When stocks or commodities are tumbling, traders start to
prepare for "capitulation." That's typically the final phase in a
sell-off, characterized by a complete absence of buyers and one
last massive exit by sellers.
Investors are hoping we are nearing the capitulation phase in
and related stocks. First, an increasing number of hedge funds
are using options contracts to position their portfolios for an
imminent rebound in crude prices. Second, oil industry insiders
have tacitly declared a bottom by embarking on a large-scale wave
of insider buying.
There is good reason to believe that oil prices have come
close to a bottom, and it's known in economic circles as "supply
destruction." More and more oil exploration projects are being
cancelled as $65 oil makes these efforts much less feasible.
There's no way to precisely correlate supply cuts with price
support, but the longer-term impact is undeniable: Energy
producers will pump less oil out of the ground in 2015 and 2016
than they had planned to just six months ago.
Assuming oil prices find a floor near current levels, a number
of energy stocks are poised to stage a relief rally. The key is
to identify what shares are likely worth at current oil prices,
and then determine potential upside when oil prices rebound to
$75 or $80 a barrel. That's the price that many strategists peg
as a breakeven rate for most U.S. oil producers.
To be sure, almost every type of energy-related stock should
bounce once oil prices stabilize and reverse course simply
because of the sidelined buyers that are merely waiting for the
bottom to be put in. But few offer as much upside potential as
Continental Resources (NYSE:
Continental has surely been impacted by the plunge in oil
prices, with shares losing more than half of their value since
Management announced in November that the company would cut
capital spending by $600 million to $4.6 billion in 2015 from a
prior estimate of $5.2 billion. That new figure is flat with 2014
Still, flat capital spending should enable Continental to
boost production by more than 20% next year. That's because the
company's newest oil wells are more productive than legacy
Although management has been discussing cash flow scenarios at
$70 or $80 oil in recent weeks, we don't yet know what the
company's cash flow profile looks like with oil trading at $65.
But we can connect some dots.
On Nov. 7, with crude oil already below $80 per barrel,
analysts at Merrill Lynch noted: "At current levels, we view CLR
as oversold, discounting long-term oil prices around $65 per
barrel in perpetuity."
At that time, CLR was trading in the low $50s, down from an
all-time high above $80, made in late summer. Since then, shares
plunged to a 52-week low of $33 on Wednesday. In effect, we know
that by this analysis, fair value should be closer to $50.
Next, we want to figure out what fair value would be if oil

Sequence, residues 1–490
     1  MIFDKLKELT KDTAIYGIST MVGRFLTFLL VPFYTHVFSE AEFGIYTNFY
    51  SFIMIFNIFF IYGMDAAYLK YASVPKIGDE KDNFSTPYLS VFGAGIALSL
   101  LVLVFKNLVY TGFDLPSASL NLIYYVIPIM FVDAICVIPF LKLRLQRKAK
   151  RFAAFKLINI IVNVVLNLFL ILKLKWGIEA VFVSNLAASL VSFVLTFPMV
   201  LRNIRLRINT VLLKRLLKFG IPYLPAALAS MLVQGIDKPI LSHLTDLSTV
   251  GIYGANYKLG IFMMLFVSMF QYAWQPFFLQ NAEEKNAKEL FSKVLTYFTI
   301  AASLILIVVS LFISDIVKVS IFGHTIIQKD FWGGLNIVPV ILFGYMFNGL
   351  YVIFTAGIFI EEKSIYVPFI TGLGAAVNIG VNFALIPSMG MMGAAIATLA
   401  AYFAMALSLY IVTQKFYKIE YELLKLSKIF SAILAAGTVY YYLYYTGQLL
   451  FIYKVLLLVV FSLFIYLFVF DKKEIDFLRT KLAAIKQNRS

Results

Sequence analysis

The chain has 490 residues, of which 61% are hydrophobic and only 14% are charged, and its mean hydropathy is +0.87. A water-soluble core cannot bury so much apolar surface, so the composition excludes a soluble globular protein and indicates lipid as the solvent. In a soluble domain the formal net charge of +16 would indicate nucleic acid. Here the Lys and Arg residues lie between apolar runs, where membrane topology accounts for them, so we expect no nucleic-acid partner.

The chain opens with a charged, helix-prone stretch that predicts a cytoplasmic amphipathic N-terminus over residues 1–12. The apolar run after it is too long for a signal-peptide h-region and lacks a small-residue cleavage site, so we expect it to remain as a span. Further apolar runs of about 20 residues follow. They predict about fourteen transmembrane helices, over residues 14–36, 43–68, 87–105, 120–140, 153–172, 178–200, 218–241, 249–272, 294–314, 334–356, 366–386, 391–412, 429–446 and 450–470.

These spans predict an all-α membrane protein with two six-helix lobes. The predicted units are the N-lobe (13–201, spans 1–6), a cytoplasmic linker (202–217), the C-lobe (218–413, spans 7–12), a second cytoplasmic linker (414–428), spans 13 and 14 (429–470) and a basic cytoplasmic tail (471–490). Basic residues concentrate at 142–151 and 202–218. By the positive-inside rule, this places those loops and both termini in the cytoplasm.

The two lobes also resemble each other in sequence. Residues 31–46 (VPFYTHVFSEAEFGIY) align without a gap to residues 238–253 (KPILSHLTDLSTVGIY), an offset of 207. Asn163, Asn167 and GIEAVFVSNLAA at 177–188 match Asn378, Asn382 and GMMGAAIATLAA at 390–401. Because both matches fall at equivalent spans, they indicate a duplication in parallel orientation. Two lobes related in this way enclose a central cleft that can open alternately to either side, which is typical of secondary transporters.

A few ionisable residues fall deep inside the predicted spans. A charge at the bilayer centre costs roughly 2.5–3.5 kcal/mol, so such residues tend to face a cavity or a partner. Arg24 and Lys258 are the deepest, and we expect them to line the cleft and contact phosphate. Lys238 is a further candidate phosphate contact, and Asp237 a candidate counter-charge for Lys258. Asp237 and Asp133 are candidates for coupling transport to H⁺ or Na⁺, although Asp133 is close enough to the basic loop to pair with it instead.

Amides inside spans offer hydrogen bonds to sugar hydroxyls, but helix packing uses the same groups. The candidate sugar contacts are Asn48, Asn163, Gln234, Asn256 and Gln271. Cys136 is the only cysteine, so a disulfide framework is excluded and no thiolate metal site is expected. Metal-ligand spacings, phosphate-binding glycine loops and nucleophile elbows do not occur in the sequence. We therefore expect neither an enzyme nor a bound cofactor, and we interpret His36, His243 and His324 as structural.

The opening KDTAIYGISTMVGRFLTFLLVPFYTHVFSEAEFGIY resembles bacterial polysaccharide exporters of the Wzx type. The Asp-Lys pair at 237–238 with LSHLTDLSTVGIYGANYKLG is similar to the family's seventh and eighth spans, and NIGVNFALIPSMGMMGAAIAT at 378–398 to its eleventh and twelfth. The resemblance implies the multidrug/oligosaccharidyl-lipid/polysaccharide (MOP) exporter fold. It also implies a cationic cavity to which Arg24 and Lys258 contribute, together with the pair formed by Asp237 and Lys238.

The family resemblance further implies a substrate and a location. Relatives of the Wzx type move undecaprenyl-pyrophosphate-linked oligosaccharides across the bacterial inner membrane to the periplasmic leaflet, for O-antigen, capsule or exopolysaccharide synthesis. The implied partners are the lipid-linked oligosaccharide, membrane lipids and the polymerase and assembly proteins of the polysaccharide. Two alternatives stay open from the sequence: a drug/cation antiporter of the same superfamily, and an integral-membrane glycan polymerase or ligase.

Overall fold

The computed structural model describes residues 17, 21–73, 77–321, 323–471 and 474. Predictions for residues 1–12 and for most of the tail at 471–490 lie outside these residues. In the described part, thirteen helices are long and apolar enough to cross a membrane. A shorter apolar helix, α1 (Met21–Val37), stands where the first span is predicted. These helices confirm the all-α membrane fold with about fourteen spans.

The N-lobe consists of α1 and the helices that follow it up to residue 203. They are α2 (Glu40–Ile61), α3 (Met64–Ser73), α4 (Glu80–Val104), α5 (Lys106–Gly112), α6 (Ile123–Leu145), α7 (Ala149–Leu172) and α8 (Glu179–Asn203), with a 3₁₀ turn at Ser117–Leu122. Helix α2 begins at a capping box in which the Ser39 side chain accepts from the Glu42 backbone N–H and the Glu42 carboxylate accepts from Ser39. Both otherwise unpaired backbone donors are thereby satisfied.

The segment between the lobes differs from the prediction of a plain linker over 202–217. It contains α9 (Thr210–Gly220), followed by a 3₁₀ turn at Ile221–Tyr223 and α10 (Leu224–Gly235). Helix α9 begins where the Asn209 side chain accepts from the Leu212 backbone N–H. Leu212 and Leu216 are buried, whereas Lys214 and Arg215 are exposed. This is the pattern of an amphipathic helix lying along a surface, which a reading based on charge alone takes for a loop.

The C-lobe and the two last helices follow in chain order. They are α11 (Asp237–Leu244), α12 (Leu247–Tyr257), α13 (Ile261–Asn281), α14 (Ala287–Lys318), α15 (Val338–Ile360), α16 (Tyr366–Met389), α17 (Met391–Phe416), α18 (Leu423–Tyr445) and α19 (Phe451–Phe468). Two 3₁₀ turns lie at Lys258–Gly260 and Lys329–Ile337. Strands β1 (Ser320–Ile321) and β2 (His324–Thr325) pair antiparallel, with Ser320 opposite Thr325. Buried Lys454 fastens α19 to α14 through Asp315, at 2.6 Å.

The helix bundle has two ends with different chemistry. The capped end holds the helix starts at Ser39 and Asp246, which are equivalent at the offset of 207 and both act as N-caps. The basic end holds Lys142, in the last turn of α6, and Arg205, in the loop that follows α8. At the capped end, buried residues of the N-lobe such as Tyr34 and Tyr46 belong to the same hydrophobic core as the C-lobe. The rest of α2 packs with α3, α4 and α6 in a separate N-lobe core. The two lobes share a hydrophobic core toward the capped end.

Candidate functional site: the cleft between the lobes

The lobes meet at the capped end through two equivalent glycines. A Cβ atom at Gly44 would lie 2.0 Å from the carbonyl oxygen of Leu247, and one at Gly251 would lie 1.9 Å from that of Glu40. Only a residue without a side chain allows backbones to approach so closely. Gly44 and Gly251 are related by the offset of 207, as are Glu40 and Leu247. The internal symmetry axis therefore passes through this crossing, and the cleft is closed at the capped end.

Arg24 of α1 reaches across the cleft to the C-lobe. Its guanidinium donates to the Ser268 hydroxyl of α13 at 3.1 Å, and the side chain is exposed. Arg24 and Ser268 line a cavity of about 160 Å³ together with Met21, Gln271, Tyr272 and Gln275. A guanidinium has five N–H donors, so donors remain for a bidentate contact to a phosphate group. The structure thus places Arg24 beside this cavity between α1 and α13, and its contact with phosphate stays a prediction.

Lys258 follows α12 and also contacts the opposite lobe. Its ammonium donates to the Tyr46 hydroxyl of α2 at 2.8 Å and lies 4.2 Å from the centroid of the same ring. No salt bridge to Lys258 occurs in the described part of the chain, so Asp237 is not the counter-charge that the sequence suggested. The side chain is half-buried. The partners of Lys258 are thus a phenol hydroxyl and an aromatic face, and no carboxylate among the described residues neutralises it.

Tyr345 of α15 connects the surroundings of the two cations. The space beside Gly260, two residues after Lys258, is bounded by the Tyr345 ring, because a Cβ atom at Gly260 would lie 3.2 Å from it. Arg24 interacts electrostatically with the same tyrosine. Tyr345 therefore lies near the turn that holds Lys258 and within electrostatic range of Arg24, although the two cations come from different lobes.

rebounded to $70 or $80 a barrel. According to the company, at
$70 oil, Continental would generate a 30% rate of return on each
of its wells in the Bakken Shale, which accounts for more than
half of the company's total output. At $80 oil, that figure rises
to 40%, meaning for every $1 in drilling expenses, the company
would make $1.40 in cash flow.
Merrill's analysts project that the company will generate
$2.75 billion in 2015 cash flow, assuming oil prices average $72
Yet these analysts don't expect oil prices to stay in that
range, and instead think oil will rebound to $90 by later this
decade. In that context, they peg fair value for CLR at $74,
which is more than twice the current share price.
Even if oil prices remain range bound in coming months, CLR is
trading well below fair value, which appears to be north of
CEO Harold Hamm already assumed that oil prices would find a
floor when they were trading at $70 a barrel, which led him to
cash in some hedges that netted the company a $433 million
profit. Continental would have earned more on those liquidated
hedges had he waited a bit longer, but his instincts are likely
correct that $60 or $70 oil sets the stage for enough supply
destruction to foment an eventual rebound in oil prices.
William Berry, a company director, isn't afraid to commit to
shares. On Dec. 3, he spent $603,000 to acquire 15,000 shares at
around $40 a share. CLR has fallen more than 15% from there, but
unless oil prices completely collapse from here, they are
unlikely to fall much further.
In short, the potential reward in CLR clearly outweighs the
risk at these levels.
Recommended Trade Setup:
-- Buy CLR at the market price
-- Set stop-loss at $28
-- Set initial price target at $50 for a potential 50% gain in
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This article was originally published on
Insanely Undervalued Stock Could Rebound 50%
When Oil Stabilizes